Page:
Tetralogy of Fallot (TOF)

Tetralogy of Fallot is a congenital heart defect that causes babies to have insufficient oxygen throughout their body.

Babies with the condition often have cyanosis, a bluish color to their skin due to the decreased oxygen levels in their bodies.

There are four distinct abnormalities associated with this defect:

  • A hole between the two lower chambers of the heart, called ventricular septal defect
  • The narrowing of the tube that connects the heart to the lungs, called pulmonary stenosis
  • The muscular thickening of the chamber that sends blood from the heart to the lungs, known as right ventricular hypertrophy
  • The displacement of the aorta, the vessel that sends blood from the heart to the body, over the ventricular septal defect, causing mixing of oxygenated and unoxygenated blood

The cause of the disorder is unknown.

Symptoms of Tetralogy of Fallot

The signs of tetralogy of Fallot include:

  • Cyanosis (bluish skin) during agitation, such as crying or feeding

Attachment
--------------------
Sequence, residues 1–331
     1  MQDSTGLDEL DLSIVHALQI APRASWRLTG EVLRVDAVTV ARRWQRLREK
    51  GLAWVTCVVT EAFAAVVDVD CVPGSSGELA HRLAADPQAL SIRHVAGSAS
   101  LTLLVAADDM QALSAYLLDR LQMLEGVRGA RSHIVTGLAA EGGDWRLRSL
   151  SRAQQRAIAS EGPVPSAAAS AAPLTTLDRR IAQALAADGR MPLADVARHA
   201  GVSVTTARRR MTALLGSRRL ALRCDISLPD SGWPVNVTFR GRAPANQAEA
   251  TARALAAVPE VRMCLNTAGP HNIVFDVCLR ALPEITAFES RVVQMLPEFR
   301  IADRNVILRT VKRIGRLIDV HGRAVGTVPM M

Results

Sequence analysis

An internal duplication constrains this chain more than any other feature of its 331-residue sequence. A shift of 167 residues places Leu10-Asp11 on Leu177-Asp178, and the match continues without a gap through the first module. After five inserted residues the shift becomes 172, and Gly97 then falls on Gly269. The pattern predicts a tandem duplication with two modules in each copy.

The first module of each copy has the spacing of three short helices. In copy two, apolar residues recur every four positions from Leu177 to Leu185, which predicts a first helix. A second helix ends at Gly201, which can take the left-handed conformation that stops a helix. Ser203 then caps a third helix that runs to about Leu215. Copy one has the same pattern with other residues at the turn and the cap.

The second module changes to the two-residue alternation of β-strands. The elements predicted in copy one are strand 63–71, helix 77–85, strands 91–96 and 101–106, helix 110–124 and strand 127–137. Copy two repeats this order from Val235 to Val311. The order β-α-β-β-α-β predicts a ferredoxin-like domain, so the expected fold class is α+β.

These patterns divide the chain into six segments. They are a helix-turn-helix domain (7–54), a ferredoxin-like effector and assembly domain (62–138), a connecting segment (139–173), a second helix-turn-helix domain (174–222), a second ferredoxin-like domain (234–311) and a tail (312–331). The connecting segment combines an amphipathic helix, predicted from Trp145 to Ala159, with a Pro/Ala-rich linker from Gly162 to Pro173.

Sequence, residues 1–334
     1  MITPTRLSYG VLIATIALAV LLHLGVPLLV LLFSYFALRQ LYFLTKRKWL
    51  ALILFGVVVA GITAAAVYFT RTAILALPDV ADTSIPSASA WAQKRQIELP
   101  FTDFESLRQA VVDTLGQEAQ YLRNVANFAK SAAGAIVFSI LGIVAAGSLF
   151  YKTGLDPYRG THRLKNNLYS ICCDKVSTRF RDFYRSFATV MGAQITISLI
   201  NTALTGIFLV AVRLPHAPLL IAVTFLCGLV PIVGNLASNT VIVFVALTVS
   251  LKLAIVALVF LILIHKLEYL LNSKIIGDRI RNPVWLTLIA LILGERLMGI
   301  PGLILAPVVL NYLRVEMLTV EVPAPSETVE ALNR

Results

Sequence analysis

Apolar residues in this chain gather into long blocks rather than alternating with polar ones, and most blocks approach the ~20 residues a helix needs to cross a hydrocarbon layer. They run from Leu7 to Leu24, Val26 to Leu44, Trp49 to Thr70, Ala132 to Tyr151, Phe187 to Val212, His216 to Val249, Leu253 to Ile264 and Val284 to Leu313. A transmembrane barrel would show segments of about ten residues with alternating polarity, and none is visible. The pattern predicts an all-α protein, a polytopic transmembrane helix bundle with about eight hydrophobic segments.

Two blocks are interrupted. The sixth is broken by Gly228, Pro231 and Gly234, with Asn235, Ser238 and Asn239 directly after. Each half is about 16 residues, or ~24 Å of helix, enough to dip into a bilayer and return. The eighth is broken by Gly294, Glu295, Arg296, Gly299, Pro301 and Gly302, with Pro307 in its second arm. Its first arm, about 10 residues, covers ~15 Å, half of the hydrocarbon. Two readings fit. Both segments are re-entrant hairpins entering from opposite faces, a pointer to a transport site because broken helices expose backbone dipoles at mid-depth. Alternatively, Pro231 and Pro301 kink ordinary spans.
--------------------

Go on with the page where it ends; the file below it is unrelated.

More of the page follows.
• Difficulty feeding and failure to gain weight
  • Fainting
  • Poor development
  • Shortness of breath during cyanotic episodes

Diagnosis of Tetralogy of Fallot

Your UT Southwestern Medical Center doctor may perform several tests to diagnose tetralogy of Fallot. Common diagnostic tests include:

  • Blood oxygen content to show increase in red blood cell count
  • Echocardiography for confirmation of disease
  • Electrocardiography to visualize the right ventricle muscle thickening
  • Ultrasound to see if blood is flowing in right direction
  • X-rays with contrast to see if blood is flowing in the right direction

Tetralogy of Fallot Treatment Options

Surgery is required for tetralogy of Fallot repair. Surgery can include ventricular septal defect closure, removal of muscle from the right ventricle, pulmonic valve repair, or pulmonary artery enlargement. Surgery can be done temporarily in small infants, and then complete repair can follow when the baby is older.

Your child's physical activity and exertion should be regulated. Your child should also make regular visits to the cardiologist to ensure proper circulation.

Learn more about tetralogy of Fallot and other heart services provided at Children’s Medical Center in Dallas, Texas.

Request an Appointment

To schedule an appointment with a tetrology of Fallot expert at UT Southwestern's facilities in Dallas or for more information about our services, request an appointment or call 214-645-8300.